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Models showing Chanel tweed jackets

The most famous brand of tweed is Harris Tweed that is still manufactured entirely by hand using traditional techniques in the Outer Hebrides of Scotland. The production of this tweed hasn’t changed for decades. The traditional tweed manufacturing technique is regulated by a special law just like  some other traditional artisanal industries, in 1993 a special Act of Parliament was adopted and the special supervisory body The Harris Tweed Authority was established. Raw sheep’s wool, partially from mainland sheep and partially from local stocks is washed and dyed at tweed factories, following strict proportions of dyed and undyed fibers for every shade of tweed. The wool is then processed by mechanical gear wheels to produce a mixture of filaments that is as homogeneous as possible, from which the fibres are spun (i.e. the wool is ‘combed’). Next the yarn is reeled onto bobbins using a special technique and then send to weavers. The tweed fabric is created by the weavers at their own home, at his or her own traditional loom which does not differ substantially from those used at the beginning of the 19th century (often they are identical), driven by a foot pedal. When the fabric is ready, it is sent back to the factory where it is processed by darners that repair minor defects and the fabric is then soaked in a soap and soda solution to remove dust and remains of animal fat and dirt; after which it is steamed and ironed.


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Coco Chanel in English tweed coat

It was from this very Harris Tweed that Chanel created the first tweed garments for her collections in the late 1920’s and the 1930’s. She also bought fabric made from the Irish Donegal Tweed. Fashion changed in the 1950’s, when silhouettes became looser. Chanel wanted a lighter tweed, an effect that can be achieved by soaking the tweed and beating the wet fabric with special wood hammers.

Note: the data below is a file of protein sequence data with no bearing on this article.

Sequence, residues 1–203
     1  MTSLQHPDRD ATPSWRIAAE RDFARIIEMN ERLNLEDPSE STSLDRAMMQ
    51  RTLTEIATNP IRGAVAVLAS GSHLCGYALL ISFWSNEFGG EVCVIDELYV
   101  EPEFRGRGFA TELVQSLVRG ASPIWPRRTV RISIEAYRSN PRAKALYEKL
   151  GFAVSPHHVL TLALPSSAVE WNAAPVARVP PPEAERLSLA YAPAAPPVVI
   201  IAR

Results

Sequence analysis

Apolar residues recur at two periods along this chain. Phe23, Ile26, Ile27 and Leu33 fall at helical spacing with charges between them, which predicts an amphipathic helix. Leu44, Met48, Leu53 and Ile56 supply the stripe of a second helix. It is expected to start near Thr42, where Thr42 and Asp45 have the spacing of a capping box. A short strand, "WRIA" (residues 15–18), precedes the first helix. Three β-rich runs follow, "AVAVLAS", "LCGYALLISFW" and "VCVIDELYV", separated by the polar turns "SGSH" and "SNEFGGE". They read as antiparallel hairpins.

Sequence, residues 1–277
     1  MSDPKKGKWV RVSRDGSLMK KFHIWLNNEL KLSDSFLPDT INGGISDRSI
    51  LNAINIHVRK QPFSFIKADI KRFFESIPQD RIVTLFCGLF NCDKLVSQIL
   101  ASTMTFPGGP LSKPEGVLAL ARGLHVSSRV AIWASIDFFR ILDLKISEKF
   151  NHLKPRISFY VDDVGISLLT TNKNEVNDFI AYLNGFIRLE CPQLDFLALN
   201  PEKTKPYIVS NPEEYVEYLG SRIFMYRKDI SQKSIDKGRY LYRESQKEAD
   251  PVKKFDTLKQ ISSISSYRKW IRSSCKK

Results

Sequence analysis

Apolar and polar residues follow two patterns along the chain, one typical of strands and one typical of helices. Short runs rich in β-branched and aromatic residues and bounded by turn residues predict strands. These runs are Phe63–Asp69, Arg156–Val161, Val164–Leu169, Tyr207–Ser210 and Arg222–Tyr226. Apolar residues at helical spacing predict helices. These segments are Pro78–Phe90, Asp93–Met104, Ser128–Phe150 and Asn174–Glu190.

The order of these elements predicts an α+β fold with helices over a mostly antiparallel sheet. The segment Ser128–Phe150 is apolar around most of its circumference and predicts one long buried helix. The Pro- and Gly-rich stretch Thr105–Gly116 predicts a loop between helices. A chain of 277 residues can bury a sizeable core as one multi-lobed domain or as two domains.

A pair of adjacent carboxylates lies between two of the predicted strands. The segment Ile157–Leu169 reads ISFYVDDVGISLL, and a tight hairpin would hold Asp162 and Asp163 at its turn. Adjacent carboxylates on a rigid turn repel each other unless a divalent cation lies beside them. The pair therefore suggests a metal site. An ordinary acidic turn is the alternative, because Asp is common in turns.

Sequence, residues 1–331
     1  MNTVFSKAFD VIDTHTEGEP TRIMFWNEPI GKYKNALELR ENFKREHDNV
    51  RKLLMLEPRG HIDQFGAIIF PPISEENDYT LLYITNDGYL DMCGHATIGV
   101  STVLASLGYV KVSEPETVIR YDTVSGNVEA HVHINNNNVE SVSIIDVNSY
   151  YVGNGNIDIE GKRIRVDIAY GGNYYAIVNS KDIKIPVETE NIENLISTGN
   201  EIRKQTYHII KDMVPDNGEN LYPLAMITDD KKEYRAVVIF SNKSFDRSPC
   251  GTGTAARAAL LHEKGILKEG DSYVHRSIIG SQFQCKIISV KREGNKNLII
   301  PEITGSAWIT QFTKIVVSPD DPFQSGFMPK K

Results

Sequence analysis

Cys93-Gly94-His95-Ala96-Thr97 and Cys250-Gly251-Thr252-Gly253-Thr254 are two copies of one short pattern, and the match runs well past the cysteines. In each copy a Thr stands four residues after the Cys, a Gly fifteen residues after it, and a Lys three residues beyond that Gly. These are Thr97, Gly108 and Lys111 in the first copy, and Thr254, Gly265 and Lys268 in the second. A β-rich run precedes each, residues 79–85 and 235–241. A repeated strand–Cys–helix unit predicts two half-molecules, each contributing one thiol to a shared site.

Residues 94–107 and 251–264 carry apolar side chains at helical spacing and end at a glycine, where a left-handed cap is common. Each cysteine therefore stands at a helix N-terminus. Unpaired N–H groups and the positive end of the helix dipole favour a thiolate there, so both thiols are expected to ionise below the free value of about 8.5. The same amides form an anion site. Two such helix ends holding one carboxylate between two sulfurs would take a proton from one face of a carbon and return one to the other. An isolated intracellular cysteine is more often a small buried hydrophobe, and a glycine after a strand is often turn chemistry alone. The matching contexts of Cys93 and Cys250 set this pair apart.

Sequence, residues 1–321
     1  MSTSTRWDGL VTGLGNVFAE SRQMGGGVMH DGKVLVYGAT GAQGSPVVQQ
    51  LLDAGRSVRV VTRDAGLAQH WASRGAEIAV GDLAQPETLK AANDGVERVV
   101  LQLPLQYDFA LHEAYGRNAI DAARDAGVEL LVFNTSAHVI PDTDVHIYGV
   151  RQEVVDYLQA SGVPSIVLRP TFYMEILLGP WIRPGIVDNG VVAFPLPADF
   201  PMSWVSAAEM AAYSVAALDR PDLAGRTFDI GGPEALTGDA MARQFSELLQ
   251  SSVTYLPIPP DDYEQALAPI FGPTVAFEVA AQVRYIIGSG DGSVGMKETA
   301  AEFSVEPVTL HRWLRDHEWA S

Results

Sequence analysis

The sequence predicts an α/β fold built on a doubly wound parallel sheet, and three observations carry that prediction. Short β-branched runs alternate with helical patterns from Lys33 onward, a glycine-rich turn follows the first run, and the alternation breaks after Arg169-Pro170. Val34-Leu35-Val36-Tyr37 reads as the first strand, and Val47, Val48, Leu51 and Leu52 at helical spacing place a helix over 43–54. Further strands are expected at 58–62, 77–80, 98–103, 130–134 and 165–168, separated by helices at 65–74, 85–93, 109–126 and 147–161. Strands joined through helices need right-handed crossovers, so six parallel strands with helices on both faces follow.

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Chanel jacket of 60s from Vintage Voyage collection

Modern tweed differs from vintage tweed only in its lightness, due to the advancements in wool cleaning process, whilst in every other way it is still the same and is protected by law. As it is the case with all luxury fashion houses, Chanel does not like to reveal its suppliers, and usually we can only speculate about them when Chanel buys another artisan company, for example with the purchase of Scottish cashmere producer Barrie Knitwear a couple of years ago. The manufacturers also don't like to publicly name their famous customers, but the unofficial wide-spread information says that tweed for Chanel jackets is made in Carlisle by Linton Tweed; and it is also said to be the favourite tweed of Karl Lagerfeld. Besides that, there is a rumour of the small family company in the North of England where sheep are bred and tweed produced from their wool for Chanel. According to therumour, Gabrielle Chanel visited the producer herself in order to control the whole process and make sure that she would get exactly what she wanted. There is something maniacal about this story; which is precisely what makes it believable because Chanel was known for her obsession with quality and details. Tweed, being more durable than other fabrics that Chanel favoured such as jersey, cotton pique, and sailcloth, became the main symbol of the House of Chanel; and thanks to her passion for tweed we have been wearing it for decades and will continue to do so for a long time to come.

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Author: Elena Stafyeva

23.09.2014

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The success of the Chanel tweed suit